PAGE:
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Title: Novel pyrolytic routes to fused heterocyclic rings
Author: Milligan, Andrew Alexander
Awarding Body: University of Edinburgh
Current Institution: University of Edinburgh
Date of Award: 2003
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Substituted benzo[b]thiophenes were synthesised from 2-(S-allyl)- or 2-(S-benzyl)-cinnamic ester derivatives utilising flash vacuum pyrolysis (FVP). Under these conditions the benzyl or allyl groups cleaved from the precursor to form a thiophenoxyl radical which then cyclised with the ejection of the ester function as a radical leaving group. A deuteriated precursor was also synthesised to investigate the breakdown pathway during electron impact mass spectrometry. The reactions of some indole-based radicals were investigated. Thus iminyl radicals were generated from 2-thiophenoxylindole-3-carbaldehyde oxime ethers and thiiyl radicals from the anil of 2-thiobenzylindole-3-carbaldehyde. These radicals produced the same products viz the corresponding carbonitrile and the unexpected formation of an aldimine derivative. The thiiyl radical can interconvert to the iminyl via a spirodienyl intermediate. In contrast to the corresponding benzo-fused system, no cyclised products were observed. Surprisingly, FVP of 1-allyl-2-phenylsulfanyl-1H-indole did not lead to indol-1-yl radicals. The major products (obtained in low yields) were 4-phenylsulfanyl-5,6-dihydrobenzo[b]azocine (via an unusual rearrangement mechanism) and 6H-benzo[b]thieno[2,3-b]indole (probably formed after initial sigmatropic shift of the allyl group). The formation of fused pyridine systems by cyclisation of heterocyclic iminyl radicals under FVP conditions was investigated. Aldehyde precursors were obtained by Vilsmeier formylation or by Suzuki coupling methodology; cyclisations proceeded in high yields. Previous work to form phenanthrene derivatives utilising FVP of 2-arylcinnamic esters was extended to investigate the effect of a fused heterocycle. The mechanism involves initial electrocyclisation followed by loss of the ester function; this protocol proved to be an extremely efficient route to heterocyclic phenanthrene analogues.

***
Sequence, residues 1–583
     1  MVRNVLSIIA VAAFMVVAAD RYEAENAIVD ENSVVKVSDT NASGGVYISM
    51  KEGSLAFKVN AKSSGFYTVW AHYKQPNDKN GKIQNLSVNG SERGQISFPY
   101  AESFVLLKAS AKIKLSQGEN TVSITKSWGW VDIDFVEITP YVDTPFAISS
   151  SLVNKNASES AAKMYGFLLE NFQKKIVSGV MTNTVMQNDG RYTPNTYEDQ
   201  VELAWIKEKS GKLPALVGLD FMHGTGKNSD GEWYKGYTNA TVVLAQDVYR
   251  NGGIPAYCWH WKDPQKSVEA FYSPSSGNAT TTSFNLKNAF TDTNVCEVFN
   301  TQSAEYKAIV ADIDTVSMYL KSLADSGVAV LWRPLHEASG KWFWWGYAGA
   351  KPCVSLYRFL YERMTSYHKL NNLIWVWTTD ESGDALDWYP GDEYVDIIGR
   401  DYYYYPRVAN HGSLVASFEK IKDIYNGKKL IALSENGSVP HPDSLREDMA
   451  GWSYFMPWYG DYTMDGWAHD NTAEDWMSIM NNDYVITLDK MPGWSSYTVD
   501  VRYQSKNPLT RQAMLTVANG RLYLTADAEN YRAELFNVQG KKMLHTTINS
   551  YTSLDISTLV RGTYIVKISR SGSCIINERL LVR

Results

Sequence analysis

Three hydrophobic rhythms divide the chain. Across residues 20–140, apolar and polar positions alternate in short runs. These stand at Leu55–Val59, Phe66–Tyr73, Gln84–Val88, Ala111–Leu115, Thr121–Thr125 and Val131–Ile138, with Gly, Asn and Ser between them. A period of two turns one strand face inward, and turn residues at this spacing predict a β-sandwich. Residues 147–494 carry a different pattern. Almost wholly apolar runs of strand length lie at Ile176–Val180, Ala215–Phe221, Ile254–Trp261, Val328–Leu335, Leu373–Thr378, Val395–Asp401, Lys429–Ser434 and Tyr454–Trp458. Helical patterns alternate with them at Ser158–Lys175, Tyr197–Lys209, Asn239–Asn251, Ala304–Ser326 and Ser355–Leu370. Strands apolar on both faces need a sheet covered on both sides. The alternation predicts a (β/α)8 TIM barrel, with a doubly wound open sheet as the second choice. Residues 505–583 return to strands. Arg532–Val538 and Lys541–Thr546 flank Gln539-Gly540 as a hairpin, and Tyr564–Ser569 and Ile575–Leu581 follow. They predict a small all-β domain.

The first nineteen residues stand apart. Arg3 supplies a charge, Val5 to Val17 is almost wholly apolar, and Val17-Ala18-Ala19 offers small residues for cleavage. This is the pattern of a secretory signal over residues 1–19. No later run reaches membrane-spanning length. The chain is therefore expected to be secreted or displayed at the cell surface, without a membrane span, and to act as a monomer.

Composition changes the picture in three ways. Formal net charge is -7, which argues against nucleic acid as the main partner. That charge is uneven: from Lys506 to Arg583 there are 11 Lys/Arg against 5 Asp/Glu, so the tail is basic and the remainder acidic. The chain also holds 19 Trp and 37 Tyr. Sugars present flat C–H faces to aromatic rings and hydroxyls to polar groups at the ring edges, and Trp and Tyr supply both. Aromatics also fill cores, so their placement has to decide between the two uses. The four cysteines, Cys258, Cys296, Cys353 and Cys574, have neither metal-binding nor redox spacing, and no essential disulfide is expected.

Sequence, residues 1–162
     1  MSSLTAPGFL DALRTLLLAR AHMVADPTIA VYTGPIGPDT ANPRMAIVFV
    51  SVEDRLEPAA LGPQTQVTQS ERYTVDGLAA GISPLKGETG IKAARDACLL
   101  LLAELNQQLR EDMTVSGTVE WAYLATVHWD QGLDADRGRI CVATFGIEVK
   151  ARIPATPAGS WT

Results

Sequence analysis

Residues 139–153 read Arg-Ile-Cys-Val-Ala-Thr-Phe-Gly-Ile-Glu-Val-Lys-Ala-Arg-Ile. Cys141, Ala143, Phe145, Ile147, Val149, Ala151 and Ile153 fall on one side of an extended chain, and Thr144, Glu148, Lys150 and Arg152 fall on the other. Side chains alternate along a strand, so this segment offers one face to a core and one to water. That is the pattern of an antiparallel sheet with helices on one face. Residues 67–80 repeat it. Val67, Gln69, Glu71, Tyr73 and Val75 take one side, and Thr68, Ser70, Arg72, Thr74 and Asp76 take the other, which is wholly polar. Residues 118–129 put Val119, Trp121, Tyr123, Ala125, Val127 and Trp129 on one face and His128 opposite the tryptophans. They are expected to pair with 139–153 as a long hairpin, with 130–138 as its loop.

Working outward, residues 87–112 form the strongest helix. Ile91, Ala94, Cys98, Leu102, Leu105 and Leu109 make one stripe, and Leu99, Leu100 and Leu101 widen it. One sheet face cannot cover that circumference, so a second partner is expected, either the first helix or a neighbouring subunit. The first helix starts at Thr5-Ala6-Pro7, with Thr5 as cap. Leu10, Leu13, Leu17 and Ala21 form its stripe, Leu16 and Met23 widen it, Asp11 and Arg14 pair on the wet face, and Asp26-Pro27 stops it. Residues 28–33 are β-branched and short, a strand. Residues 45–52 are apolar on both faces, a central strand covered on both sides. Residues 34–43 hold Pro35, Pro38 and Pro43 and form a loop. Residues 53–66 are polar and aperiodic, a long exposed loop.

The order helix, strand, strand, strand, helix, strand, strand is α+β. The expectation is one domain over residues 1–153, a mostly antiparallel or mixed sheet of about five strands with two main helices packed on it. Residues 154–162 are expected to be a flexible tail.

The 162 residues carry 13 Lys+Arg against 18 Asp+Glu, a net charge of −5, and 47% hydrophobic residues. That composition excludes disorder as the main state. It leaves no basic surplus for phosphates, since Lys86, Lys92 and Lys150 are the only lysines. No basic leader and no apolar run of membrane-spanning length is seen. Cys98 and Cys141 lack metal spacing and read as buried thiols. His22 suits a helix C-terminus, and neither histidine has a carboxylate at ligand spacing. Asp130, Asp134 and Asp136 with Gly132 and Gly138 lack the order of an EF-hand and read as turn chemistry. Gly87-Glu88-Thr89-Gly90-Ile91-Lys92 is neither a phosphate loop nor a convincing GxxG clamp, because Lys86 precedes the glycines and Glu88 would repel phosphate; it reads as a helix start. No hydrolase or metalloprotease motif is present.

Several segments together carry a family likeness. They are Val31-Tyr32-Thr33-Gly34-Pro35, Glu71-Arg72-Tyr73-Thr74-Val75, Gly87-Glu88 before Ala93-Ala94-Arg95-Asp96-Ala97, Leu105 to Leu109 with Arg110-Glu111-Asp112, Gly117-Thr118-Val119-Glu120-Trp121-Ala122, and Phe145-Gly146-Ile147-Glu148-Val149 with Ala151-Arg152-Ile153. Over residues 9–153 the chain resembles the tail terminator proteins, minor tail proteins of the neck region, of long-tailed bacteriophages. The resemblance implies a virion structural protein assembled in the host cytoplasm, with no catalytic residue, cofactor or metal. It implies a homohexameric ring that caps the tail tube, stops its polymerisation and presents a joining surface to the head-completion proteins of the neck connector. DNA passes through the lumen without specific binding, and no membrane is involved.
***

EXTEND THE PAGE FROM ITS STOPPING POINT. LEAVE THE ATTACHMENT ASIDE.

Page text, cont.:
Supervisor: Not available Sponsor: Not available
Qualification Name: Thesis (Ph.D.) Qualification Level: Doctoral
EThOS ID:  DOI: Not available